Up next were local faves Machine Head, who put on a particularly epic performance with Lamb of God back in 2004. Apparently many people remembered that show, as the response Machine Head got was well beyond what the band is apparently used to; frontman Robb Flynn stopped once or twice and expressed slack-jawed shock at the insanity of the crowds. And boy oh boy, did those crowds have reason to be so riled up! I'm admittably not a big Machine Fan, but the band seemed possessed by something well beyond their usual realm of performance tonight. The entire band attacked with a simply relentless level of energy, with Flynn in particular lacerating everyone with sizzling fret-work and a sort of confrontational, in-your-face attitude I thought the band had long since forgotten. Highlights included their surprisingly brutal cuts from the upcoming Blackening album, "Aesthetics of Hate" being dedicated to Dimebag Darrel of Pantera in a tense, emotional speech courtesy of Flynn, and a ripping rendition of "Imperium" off 2004's Through Empires of Ash. They might be getting up there in years folks, but check these guys out, there is still gas in the tank. Highly recommended.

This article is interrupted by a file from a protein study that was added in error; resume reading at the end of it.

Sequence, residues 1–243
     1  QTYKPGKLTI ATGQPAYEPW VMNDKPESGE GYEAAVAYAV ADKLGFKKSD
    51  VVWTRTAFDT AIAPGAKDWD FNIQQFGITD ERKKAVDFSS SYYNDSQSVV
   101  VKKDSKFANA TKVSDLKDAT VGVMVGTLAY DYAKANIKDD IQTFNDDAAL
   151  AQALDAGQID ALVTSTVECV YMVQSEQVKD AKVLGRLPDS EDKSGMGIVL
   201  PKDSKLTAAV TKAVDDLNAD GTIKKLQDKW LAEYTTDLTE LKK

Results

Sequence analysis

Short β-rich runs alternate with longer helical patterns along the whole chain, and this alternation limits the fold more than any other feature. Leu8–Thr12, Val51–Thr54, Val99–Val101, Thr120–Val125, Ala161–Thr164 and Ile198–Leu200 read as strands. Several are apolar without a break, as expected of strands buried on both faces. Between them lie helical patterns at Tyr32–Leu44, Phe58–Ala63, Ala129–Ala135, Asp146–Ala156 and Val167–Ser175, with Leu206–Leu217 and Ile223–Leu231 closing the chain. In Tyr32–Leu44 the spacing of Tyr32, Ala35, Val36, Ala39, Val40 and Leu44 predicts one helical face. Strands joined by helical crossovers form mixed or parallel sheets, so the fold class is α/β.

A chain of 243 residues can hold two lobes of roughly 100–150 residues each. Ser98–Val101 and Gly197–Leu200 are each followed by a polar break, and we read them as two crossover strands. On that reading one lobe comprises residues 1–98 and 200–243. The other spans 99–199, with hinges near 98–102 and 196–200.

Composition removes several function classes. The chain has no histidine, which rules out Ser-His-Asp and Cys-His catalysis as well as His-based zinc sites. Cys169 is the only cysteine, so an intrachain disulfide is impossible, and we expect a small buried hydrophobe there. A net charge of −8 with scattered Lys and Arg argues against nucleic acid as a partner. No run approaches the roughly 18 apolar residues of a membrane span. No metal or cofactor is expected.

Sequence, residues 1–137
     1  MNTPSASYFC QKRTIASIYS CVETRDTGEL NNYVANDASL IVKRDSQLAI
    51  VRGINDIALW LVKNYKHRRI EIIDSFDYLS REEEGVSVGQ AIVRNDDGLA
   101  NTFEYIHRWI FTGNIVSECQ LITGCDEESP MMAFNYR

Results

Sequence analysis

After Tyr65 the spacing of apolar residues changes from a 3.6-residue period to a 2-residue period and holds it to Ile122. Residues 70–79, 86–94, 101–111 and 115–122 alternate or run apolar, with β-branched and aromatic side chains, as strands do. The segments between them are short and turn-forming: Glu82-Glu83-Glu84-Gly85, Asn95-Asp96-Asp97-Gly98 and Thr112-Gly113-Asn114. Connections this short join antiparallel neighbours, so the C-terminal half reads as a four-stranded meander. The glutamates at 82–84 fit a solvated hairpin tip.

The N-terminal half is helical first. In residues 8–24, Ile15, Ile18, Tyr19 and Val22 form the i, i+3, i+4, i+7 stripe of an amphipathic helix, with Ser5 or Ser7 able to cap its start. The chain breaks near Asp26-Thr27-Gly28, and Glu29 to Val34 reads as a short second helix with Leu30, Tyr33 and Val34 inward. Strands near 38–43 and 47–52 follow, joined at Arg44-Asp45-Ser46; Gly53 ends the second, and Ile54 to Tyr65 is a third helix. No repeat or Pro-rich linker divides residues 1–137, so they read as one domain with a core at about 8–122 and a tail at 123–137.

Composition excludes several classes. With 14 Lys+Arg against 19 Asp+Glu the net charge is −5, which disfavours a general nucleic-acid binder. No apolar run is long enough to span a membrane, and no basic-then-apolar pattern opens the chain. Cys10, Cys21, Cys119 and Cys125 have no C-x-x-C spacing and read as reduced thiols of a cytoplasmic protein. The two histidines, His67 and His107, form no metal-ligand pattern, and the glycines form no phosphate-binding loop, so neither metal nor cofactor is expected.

Trivium were perhaps the only letdown, their increasingly bloated hype setting the expectation bar much too high. It doesn't help that the band's switch to early Metallica thrash on The Crusade has completely removed their sense of identity---melodic, shredding metalcore wasn't original either, but the plagiarism is fairly blatant now on their parts. Watching them play an earnest, technically-sound set, I couldn't help but feel that I was missing the point. Reactions were mixed, with many people seemingly too drunk to care, but a few loud catcalls were heard and a laser-pointer aimed at singer Matt Heafy drew angry ire from the stage. Speaking of him, Heafy seems to have developed a sort of ego to him; besides exercising his right to bitch at fans, Heafy felt free to pepper his stage banter with commands and clichιs towards the audience. The band's overblown orchestratal introduction was both unneeded and pretentious, and a forty-minute set draped in Trivium logo lights left me with a roaring headache. Needless to say I can't fault anything the band necessarily did, but they reek of trying-too-hard to meet some invisible standard of metal and it shows. Not my cup of tea.